This home buyer saved for a down payment in 5 years (and you can too)

Kat Garcia joins the many single women who are prioritizing homeownership over other life steps, like getting married or raising a family.
Image: Potential homebuyers look at a condominium for sale in Washington
Potential homebuyers look at a condominium for sale in Washington on June 9, 2013.Andrew Harrer / Bloomberg via Getty Images file

Breaking News Emails

Get breaking news alerts and special reports. The news and stories that matter, delivered weekday mornings.
SUBSCRIBE
By Laura Haverty

Kat Garcia, 37, wanted to buy a home in southern California ever since she graduated from Claremont McKenna College, just east of Los Angeles in 2003. But the content strategist knew it would be difficult. After all, the median home value in Los Angeles is $679,200.

“As trite as it may sound, owning a home has been a lifelong goal, something I always wanted for myself,” she told Know Your Value. Garcia joins the many single women who are prioritizing homeownership over other life steps, like getting married or raising a family. Still, she knew purchasing a residence on a single paycheck would be challenging.

In fact, saving for a down payment is the top reason most renters say they’re unable to buy.

But after discussing her goals with a financial advisor, the two came up with a plan to help Garcia save for a 10 percent down payment in five years. Fast forward to this year when Garcia purchased a $500,000 four-bedroom, two-and-a-half bath detached townhouse, in the Los Angeles neighborhood of North Hills.

On move-in day, Nov. 14, Garcia took a selfie. “To me, the caption should be ‘if you’re happy and you know it hug your house,’” she said.

Kat Garcia, 37, recently purchased a home in the Los Angeles neighborhood of North Hills.Courtesy of Kat Garcia.

Get the knowyourvalue newsletter.

Garcia had initially saved $3,000 in an IRA toward her down payment, but unexpected legal costs zapped that savings and more, leaving her with substantial debt.

“I ended up borrowing from my parents to cover a five-figure chunk of court costs and legal fees,” Garcia said.

But with the help of financial advisor June A. Chow, who is based in Glendale, Calif., Garcia set out to recoup financially. Garcia maximized her contribution to her employer’s pre-tax 401(k) plan and set aside approximately 15 percent of her post-tax income to invest in mutual funds. “During months where I had additional disposable income, I put that money into the investments too,” said Garcia.

The plan allowed Garcia to take advantage of a concept called dollar-cost averaging. With dollar-cost averaging, the investor buys a set dollar amount of an investment on a regular schedule, regardless of the current share price. Because they buy more shares when prices are low, and fewer when prices are high, they get the best possible average share price of an investment over time, “similar to buying items on sale,” said Chow.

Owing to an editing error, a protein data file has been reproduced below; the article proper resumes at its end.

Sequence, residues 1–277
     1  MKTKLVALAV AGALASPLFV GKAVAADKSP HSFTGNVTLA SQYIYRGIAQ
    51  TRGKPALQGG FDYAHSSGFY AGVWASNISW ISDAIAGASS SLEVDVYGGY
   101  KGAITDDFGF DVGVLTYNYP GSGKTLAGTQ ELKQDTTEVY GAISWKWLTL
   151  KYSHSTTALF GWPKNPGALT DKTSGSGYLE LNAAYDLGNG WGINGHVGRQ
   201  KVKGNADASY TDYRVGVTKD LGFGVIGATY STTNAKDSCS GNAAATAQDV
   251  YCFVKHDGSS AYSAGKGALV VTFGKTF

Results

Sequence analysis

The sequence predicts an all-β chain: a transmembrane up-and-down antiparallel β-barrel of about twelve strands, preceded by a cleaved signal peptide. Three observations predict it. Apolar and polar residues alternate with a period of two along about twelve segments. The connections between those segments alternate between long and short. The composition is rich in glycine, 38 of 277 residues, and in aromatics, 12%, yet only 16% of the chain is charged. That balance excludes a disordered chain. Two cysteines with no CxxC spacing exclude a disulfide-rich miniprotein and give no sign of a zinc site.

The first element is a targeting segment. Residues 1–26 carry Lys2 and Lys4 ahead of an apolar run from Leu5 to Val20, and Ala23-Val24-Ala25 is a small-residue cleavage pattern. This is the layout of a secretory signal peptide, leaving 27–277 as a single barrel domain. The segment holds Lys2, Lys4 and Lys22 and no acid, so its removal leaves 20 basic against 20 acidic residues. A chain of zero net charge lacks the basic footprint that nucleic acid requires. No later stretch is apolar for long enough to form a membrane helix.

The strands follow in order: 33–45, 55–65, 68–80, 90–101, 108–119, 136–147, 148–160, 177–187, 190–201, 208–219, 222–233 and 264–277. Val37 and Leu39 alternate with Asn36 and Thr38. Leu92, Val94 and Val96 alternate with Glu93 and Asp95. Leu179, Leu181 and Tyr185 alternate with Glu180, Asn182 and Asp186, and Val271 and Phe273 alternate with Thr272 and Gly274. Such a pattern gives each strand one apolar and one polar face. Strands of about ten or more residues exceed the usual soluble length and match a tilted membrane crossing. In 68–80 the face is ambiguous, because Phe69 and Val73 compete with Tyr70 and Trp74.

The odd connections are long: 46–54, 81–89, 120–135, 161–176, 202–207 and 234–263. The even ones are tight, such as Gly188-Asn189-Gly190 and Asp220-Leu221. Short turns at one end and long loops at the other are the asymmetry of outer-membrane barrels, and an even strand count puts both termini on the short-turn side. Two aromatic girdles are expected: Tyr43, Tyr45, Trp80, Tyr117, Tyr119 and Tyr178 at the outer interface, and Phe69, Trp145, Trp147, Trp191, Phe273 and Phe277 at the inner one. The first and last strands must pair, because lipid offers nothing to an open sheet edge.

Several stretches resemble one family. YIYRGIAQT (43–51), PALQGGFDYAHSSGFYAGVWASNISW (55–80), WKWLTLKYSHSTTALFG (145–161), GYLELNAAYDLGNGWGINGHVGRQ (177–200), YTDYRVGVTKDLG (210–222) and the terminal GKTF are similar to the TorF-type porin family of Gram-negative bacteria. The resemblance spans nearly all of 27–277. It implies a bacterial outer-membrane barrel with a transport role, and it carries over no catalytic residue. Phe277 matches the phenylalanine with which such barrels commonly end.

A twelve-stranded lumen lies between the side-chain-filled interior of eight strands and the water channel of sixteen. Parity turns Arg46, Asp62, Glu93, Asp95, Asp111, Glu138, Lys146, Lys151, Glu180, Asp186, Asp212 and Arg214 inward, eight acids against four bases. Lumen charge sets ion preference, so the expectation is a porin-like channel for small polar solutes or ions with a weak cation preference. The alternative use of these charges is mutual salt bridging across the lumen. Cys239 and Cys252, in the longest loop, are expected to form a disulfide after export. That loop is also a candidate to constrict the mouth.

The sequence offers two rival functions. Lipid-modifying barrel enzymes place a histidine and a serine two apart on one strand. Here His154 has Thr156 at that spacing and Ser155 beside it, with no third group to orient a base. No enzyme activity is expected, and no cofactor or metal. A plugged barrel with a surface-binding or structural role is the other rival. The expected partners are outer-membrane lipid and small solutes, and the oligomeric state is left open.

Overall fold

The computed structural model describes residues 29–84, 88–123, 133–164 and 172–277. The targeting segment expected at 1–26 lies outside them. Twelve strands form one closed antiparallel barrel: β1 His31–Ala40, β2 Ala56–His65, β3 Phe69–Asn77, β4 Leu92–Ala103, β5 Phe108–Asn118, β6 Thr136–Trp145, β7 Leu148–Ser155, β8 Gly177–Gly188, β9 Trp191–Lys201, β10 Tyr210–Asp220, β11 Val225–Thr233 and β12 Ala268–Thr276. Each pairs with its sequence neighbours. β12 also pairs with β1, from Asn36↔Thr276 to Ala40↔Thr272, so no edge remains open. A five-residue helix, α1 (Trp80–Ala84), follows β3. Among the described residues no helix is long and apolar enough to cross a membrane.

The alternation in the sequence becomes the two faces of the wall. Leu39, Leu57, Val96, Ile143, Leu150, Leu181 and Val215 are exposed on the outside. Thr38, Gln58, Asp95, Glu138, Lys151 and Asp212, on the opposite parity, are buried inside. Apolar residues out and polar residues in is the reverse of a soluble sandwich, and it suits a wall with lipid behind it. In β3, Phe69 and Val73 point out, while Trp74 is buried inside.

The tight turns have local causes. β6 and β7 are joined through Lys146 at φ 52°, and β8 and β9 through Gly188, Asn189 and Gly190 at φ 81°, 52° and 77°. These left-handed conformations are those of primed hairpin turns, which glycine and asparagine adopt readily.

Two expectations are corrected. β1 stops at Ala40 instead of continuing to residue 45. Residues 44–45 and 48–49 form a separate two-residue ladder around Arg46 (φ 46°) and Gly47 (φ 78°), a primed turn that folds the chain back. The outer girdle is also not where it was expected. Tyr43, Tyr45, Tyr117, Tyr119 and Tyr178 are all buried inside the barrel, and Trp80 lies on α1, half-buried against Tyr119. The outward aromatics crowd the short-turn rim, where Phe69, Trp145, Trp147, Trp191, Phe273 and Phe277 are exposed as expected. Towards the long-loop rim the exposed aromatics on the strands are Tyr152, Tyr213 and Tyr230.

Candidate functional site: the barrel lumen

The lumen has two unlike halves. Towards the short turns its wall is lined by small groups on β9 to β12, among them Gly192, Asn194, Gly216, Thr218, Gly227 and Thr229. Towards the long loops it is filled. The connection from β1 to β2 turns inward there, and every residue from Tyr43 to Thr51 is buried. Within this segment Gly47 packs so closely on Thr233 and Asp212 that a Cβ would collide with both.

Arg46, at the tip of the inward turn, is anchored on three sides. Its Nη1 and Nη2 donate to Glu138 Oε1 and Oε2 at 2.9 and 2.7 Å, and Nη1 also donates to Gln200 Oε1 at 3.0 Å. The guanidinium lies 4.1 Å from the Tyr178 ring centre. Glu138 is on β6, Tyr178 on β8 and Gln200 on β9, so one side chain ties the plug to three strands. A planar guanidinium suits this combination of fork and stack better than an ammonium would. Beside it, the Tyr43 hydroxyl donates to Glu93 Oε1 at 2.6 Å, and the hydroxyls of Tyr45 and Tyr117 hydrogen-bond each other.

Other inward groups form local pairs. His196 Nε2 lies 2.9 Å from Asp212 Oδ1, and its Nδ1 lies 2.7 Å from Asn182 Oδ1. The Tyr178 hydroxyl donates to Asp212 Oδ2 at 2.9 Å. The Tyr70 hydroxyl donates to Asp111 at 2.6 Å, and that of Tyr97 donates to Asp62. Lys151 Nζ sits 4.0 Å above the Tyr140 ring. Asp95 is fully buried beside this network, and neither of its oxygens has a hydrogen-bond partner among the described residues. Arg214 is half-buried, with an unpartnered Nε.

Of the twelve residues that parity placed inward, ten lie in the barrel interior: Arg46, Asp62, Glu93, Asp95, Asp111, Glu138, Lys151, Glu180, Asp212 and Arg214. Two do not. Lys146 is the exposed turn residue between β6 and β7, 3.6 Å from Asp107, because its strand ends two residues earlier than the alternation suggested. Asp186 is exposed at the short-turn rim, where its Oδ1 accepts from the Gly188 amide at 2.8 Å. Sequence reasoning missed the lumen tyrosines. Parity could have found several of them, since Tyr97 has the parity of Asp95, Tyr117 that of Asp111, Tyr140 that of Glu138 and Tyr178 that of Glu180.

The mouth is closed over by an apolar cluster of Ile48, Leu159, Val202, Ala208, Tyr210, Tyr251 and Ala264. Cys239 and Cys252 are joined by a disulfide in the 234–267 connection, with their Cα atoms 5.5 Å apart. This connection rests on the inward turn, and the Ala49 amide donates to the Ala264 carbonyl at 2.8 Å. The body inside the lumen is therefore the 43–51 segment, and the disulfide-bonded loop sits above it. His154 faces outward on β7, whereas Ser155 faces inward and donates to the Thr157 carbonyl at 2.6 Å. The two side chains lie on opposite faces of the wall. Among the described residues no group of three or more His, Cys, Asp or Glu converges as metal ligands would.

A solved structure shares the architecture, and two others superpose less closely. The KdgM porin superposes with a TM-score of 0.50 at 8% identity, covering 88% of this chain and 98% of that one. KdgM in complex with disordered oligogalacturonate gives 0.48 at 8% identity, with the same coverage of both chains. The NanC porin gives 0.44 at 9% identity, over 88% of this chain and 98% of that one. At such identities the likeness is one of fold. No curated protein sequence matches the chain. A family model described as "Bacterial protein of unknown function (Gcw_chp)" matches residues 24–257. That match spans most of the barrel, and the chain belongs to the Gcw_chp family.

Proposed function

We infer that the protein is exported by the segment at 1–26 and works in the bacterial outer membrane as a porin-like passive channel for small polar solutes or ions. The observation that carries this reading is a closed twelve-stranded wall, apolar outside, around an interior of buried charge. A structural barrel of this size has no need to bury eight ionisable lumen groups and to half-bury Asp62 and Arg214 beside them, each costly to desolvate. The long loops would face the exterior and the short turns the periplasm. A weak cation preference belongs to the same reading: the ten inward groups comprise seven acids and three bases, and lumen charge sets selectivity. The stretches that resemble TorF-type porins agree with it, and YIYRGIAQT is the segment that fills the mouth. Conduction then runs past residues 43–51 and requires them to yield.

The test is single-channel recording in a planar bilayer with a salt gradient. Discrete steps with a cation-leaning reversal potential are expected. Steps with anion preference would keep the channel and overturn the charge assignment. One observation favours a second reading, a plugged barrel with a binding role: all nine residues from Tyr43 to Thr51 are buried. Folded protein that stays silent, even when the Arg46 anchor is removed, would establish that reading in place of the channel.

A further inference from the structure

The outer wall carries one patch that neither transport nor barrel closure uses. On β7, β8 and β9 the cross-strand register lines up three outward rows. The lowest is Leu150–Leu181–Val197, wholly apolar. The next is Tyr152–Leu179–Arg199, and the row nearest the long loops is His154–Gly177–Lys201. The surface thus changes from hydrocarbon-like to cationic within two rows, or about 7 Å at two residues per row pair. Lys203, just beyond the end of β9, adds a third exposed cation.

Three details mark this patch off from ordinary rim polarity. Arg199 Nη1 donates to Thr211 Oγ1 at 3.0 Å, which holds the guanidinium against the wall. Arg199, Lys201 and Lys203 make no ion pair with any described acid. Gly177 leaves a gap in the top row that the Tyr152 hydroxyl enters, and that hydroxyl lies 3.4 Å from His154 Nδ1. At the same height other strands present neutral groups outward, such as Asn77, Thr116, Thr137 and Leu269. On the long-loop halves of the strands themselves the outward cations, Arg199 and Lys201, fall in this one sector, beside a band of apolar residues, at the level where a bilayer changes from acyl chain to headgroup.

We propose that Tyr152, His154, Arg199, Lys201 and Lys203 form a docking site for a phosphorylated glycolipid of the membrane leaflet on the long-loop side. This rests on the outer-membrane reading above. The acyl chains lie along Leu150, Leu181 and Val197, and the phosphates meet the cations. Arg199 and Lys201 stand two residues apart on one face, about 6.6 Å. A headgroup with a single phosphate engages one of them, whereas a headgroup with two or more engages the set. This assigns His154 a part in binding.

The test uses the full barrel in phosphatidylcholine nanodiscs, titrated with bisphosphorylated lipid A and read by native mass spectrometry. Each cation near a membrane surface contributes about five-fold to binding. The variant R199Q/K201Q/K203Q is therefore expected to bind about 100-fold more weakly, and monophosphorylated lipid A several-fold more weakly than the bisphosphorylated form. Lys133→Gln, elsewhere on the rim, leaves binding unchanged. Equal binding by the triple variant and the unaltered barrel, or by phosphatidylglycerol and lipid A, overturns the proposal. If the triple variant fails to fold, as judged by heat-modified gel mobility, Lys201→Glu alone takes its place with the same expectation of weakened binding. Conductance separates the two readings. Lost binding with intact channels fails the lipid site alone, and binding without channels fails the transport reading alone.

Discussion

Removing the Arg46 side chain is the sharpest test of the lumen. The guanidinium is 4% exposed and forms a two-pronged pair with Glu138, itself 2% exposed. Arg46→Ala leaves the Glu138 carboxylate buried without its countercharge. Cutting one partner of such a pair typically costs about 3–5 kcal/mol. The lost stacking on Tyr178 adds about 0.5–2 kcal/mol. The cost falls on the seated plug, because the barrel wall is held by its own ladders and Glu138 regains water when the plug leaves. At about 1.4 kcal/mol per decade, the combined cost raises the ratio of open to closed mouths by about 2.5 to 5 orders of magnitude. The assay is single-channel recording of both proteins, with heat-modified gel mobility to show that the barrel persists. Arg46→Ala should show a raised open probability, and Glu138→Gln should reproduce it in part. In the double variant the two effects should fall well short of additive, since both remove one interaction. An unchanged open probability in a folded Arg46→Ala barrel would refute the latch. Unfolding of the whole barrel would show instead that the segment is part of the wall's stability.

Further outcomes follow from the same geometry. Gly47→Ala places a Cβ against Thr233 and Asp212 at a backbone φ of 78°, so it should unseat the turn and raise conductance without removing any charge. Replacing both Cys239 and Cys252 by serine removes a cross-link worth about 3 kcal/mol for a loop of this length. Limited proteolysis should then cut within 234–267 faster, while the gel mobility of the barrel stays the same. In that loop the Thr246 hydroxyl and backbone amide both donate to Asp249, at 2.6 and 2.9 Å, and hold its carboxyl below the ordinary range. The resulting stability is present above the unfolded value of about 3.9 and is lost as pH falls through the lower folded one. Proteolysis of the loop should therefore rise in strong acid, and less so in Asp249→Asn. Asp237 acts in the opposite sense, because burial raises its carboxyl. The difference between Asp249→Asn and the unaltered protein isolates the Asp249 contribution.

“Saving for any financial goal can be tough,” added Chow, a 20-year financial industry veteran. “Emergencies come up, and during a period of volatility like we’ve been experiencing, people can end up sabotaging their savings, including their down payment.”

Plus, potential homebuyers may overestimate how much they’ll need. According to the 2018 Borrower Insight Survey from Ellie Mae, 48.6 percent of renters think they must put 20 percent or more down. “Twenty percent down is a myth,” said Chow. “Some mortgages today allow you to put 5, or even 3 percent down.”

And, of course, the longer you wait, the more you’ll need. Having recovered from the Great Recession, home prices are rising in most U.S. markets while inventories remain near historic lows.

If your dream is to save enough for a down payment for a home of your own, consider the following tips:

Set a realistic goal for how much to pay. You can consult with a mortgage lender or use an online calculator to get an idea of how much you can qualify for. Generally speaking, what you spend on housing — which includes mortgage principal and interest, real estate taxes, private mortgage insurance or PMI, homeowners insurance, and HOA dues, if any — should not exceed 30 percent of your monthly income. Once you know your price range you can calculate a down payment amount you are comfortable with — 3, 5, 10 percent or more.

Determine a savings time frame and set milestones. “I always tell people it’s okay to start out smaller and work toward saving the appropriate amount over time because again it’s important to feel you can do it and you are making progress in a positive manner,” said Chow. “You can build momentum and work from there as you feel more comfortable.” She also recommended breaking the long-term plan into more manageable milestones. “Monthly works well for most people,” she said.

Maximize the money you’re saving. To help you save, set up a direct deposit from your paycheck into a dedicated savings account, or consider making some short-term investments, such as putting into a money market mutual fund, certificate of deposit, or short-term bonds.

Prepare for that inevitable rainy day. However much you plan to save, realize there could be unforeseen expenses like a major car repair, medical expenses or even a temporary job loss. Plan to set aside an emergency fund before you even start saving for your down payment. “I got cleaned out by an ex-boyfriend and had a serious health scare, but the goal of homeownership remained — in the end, it was all worth it,” said Garcia.